Originally posted by Jean Sewing Machine View Post
              I have a long arm. It's not fancy but it gets the job done. The way I figure it, quilting is a hobby. I know many people who have fancy wood working shops, big fishing boats, numerous fancy and Expensive cameras that they use for their hobby! These tools cost way more than my longarm did! I think we need to stop figuring out if it will pay for itself and figure out if we are worth it to continue our hobby and finish our quilts without putting undue stress on our bodies to quilt on a domestic machine. Just know, it's a learning curve and you will need to learn your machine and the techniques before you feel completely comfortable quilting on your longarm. But quilting on a longarm is more intuitive than quilting on a domestic, because it is like drawing with a pencil.

              Good luck with your decision.
              I SO agree with all this!

              Comment


                #22
                Re: Should I purchase a long arm?

                Initially I tried free motion on my sewing machine but found I just could not get the hang of moving the fabric to quilt as opposed to moving a machine to quilt. It was harder on my hands (I do have very slight arthritis in one of my thumbs) and for some reason just cannot process the mental aspect of the coordination.

                I know that when I find a craft I really like that I spend a lot of time into it and I do it for enjoyment. If I make any money off of it (which at some point I always have) then that makes me happy too. I really too did consider the Juki on a Grace frame but then decided to go with a larger throat that the blockrockit had. I didn't see much difference in the price particularly when I considered that I'd be using it for a long long time. At any rate I was able to purchase what I wanted for under $5000 and it was at a time that I had come into a little bit of money. I would not have been able to do it otherwise. I think I paid around $4200 two years ago, so it was the machine with a Grace Queen frame. I'm very happy I did get a stand up long arm. I think regardless of the make/model there is a learning curve of about 3 months getting use to it.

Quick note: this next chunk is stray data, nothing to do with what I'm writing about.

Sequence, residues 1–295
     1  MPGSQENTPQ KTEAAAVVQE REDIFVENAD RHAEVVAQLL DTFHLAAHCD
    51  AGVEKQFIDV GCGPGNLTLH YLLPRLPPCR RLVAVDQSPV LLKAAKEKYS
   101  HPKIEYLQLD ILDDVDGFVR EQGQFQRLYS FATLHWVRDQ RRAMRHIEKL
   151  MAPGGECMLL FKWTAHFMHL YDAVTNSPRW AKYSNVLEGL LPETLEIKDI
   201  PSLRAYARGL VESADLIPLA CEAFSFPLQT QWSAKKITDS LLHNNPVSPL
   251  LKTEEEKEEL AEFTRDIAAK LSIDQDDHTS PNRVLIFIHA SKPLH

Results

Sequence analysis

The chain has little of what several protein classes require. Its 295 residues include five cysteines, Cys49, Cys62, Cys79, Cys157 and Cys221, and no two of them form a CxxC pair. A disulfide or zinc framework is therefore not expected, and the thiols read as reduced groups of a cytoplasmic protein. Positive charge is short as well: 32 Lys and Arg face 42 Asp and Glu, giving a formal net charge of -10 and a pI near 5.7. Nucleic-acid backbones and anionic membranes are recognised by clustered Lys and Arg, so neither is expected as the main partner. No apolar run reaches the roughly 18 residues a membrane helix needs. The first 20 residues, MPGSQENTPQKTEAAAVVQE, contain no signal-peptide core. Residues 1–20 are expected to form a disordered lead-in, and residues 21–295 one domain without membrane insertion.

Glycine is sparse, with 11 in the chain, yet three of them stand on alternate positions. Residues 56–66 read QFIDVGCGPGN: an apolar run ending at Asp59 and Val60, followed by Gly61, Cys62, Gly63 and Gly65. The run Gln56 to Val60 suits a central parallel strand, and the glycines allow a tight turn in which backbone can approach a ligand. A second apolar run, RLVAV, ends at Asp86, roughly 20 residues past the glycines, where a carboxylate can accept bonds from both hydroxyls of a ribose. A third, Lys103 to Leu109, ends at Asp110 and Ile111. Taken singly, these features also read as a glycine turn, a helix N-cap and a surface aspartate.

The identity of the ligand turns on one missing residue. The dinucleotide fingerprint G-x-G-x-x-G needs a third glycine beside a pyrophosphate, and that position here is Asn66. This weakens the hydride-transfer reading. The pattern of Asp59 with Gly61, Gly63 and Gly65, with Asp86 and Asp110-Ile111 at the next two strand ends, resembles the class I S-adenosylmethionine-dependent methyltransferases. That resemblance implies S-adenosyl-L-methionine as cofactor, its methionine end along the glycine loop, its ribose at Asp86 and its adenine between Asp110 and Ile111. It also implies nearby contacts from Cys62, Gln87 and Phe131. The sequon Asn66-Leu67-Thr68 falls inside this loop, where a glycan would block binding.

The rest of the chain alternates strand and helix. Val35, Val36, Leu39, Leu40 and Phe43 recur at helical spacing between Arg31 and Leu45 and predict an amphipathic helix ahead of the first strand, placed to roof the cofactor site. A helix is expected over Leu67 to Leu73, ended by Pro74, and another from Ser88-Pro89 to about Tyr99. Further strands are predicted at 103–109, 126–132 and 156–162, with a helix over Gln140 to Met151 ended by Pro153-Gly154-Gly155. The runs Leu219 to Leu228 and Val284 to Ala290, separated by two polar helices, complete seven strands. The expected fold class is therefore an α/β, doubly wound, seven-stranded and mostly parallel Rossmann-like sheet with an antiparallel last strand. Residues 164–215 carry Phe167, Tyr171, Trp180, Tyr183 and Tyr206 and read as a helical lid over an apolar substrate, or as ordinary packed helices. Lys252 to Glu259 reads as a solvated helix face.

The learning curve. It seems to me that the problem most people have in the beginning is adjusting to the tensioning requirements. The other thing is that often it turns out that the encoders are not installed properly when you first put the machine and carriage on your frame. So you go through a process of always question is it the machine or is it something I'm doing in the beginning! If it's the encoders and your using the stitch regulator then it is pretty easy to narrow down because the long arm machine models usually have a diagnostic program on it that will zero in on that problem. As far as the tensioning, I would strongly, strongly recommend you get a Towa Bobbin gauge from Superior Threads, it costs about $50 but will save you hours of fiddling with tensioning. I mean REALLY! They have them for many of the LA models on the market.

                Good luck with your search :-) And I agree with what was said above. Many spend thousands on tools, boats and other toys. You're worth it too. I saw a saying the other day that said: If you always put others first, you are only teaching them that you will always come second. Now that's a mistake I've made in my 67 years that I'm working on changing LOL
                https://forum.missouriquiltco.com/co.../icon_wave.gif
                Women are Angels. When someone break's our wings we will continue to fly-usually on a broomstick.We're flexible like that.

                Comment


                  #23
                  Re: Should I purchase a long arm?

                  LA quilting in my area is quite expensive, and that's just for edge-to-edge. Custom is much higher. I learned FMQ on my domestic sewing machine 4 yrs. ago. While I was able to do a good job, it was not a comfortable position for my arms & shoulders. After test driving the Baby Lock Tiara II at my LQS, I decided I'd really like to have it. I do not have space in my home for a long frame. The table model is a perfect match for my space. I prefer having a sit-down model; I don't want to stand to quilt. With the added 18" extension table, I have plenty of surface space on which to spread out the quilt sandwich. I probably will not quilt anything larger than a twin size on it. Most of the quilts I make are crib size or lap size. If I were to make a larger quilt, I still would pay a LA quilter to do it. I like the convenience of quilting my own quilts in my time frame, not being in a queue & waiting 4-6 wks. to get something quilted. When I bought my machine, which IS considered a LA -- it has a 16" harp space -- I was told the Baby Lock is better made & has a better warranty than the Sweet 16. I did not buy the stitch regulator since I already was comfortable with the FMQ technique. Tiara II - Sept. 2015 001.jpgTiara II - Sept. 2015 002.jpg Here are a couple pics of my Baby Lock. The table space is 30" deep x 54" wide.

                  Comment


                    #24